Currently Being ModeratedJun 8, 2011 6:42 AM (in response to d60Dave)
While an SSD will speed up many operations I'm not sure cropping or other making other adjustments is one of them. The adjustment is done on an image that is already loaded in from the library, I don;t believe there is a lot of disk access going on during the process.
Before plunking down that kind of money you need to try and figure out where the bottleneck is. I think you might find its more of a cpu/gpu issue.
Currently Being ModeratedJun 8, 2011 6:12 PM (in response to d60Dave)
SSD helps a lot. Masters do need to load for cropping.
I have my Referenced-Masters Library on SSD and it absolutely rocks. I intend to always keep the Library on SSD, buying larger SSDs when necessary. I cannot say enough good things about SSD. I initially keep the referenced Masters on the SSD and then later move them to a HD.
Your CPU should be fine but Aperture demands a strong GPU too and yours is not identified.
I encourage you to move to SSD. 40 GB however seems like a waste of time. I would buy a larger size.
Currently Being ModeratedJun 9, 2011 1:58 PM (in response to SierraDragon)
Thank for your reply Allen.
I plumped for a 40GB OWC Mercury Extreme. This should be fine just to hold the current project I'm working on and then when done it will be imported to my main library on a WD 1TB black. If I notice a big difference I might invest in a bigger version when/if SSD prices come down.
My graphics card is the bog standard GT120 which I've also being thinking about updrading. Do you think this could be a bottle neck? What would you recommend, the HD4870 which I think was an upgrade option at the time of purchase?
Currently Being ModeratedJun 9, 2011 3:55 PM (in response to d60Dave)
Yes I think it probably is a bottleneck.
The last time I checked the Radeon HD 5870 was very good but the Radeon HD 5770 is cheaper. Barefeats.com has tests at http://barefeats.com/wst10g7.html.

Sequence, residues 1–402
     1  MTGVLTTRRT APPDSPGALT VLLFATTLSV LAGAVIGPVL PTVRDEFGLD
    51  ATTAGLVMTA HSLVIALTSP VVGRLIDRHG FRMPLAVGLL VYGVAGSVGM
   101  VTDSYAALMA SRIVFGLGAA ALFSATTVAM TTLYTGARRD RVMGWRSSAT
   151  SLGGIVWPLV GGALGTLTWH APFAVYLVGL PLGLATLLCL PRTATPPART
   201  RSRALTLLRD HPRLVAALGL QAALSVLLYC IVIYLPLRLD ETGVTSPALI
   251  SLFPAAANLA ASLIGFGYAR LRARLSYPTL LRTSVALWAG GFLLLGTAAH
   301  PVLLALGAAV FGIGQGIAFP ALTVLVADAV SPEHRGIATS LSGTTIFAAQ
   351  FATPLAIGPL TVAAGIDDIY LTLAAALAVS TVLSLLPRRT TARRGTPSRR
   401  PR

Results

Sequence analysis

There are newer/stronger choices now, but sometimes an older box may not get everything out of a new GPU. And of course cost matters a lot.
P.S. Let us know how that workflow works out with the SSD.
Currently Being ModeratedJun 9, 2011 11:45 PM (in response to SierraDragon)
Thanks for your replies.
I've been looking at the disk activity in Activity Monitor whilst using Aperture. When the crop tool is used and return pressed to accept the new crop size there's a big spike on the red "Data Written" trace of about 34MB/s.
So disk speed could be an issue here especially if the data being written back to the drive is scattered about. Sometimes I experience no delay at all with the crop tool other times I can literally count ".......1s.......2s" so maybe with a mechanical HDD it depends where the write heads are at the time.
I hope to receive the SSD next week and will report back if it makes any difference or not.
If I still experience such delays I'll look at upgrading the graphics card. Is there a way to view the GPU activity in Activity Monitor or AtMonitor?
Currently Being ModeratedJun 10, 2011 1:37 PM (in response to d60Dave)
IMO your own real workflow tests are more relevant than things like Activity Monitor because OS X and Aperture work all parts (RAM, CPU, GPU, i/o) at once and certain setups work more synergistically than others.
SSD will present improved Aperture overall performance.